Chronic subdural haematomas in elderly population. Neurosurgical aspects and focus on the single-burr hole technique performed under assisted local anaesthesia.
Chronic subdural haematomas (CSDH) is a common pathology that usually affects the elderly population. The incidence of CSDH has recently been increasing with the expansion of the aging population. The objective of our study was to evaluate the outcome following surgical drainage of CSDH in elderly patients.
MATERIALS AND METHODS:
We performed a retrospective analysis of 455 consecutive patients with CSDHs over a 5-year period. Among them, all 121 patients older than 80-year old were included in the study. Clinical status, comorbidities, type of surgical technique and outcome were analyzed. Outcome at last follow-up was measured using the Markwalder grading score and the Glasgow outcome scale.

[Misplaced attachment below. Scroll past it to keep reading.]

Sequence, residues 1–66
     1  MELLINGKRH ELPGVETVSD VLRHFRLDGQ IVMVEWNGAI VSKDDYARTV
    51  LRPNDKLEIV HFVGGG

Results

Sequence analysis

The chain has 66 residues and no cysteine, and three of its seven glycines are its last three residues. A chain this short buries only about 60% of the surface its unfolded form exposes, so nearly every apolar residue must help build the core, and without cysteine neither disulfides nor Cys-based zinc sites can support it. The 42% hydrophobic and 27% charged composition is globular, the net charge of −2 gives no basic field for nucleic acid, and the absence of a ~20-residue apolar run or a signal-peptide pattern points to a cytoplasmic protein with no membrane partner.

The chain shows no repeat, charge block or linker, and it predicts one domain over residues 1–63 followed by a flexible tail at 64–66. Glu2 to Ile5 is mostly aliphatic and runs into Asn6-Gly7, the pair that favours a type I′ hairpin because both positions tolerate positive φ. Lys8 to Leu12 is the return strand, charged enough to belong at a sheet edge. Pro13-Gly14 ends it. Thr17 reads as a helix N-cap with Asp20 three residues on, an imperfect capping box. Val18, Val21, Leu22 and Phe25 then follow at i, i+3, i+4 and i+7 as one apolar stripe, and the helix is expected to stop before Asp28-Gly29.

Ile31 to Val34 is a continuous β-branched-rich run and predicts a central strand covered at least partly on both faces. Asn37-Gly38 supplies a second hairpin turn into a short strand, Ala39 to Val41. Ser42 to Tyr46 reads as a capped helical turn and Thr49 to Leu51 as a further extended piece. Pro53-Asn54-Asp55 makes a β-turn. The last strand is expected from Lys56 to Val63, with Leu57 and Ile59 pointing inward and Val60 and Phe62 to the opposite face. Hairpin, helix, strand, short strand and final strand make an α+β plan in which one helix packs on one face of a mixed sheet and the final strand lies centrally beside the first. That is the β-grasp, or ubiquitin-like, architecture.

Patients ranged from 80- to 94-year old with a median age of 84 years (range 80-94). Ninety-eight percent of patients were surgically treated by a small burr hole under assisted local anaesthesia. About 69.2% of patients improved post-operatively. The mortality rate was 6.8%.
CSDH is a common pathology in the elderly population. Patients with CSDHs often have comorbodities that need to be considered in deciding whether surgical treatment is indicated. When surgery is elected, small craniostomy techniques performed under assisted local anesthesia is safe and should be favored in this frail population.
Burr-hole craniostomy; elderly; local anaesthesia; outcomes; subdural haematoma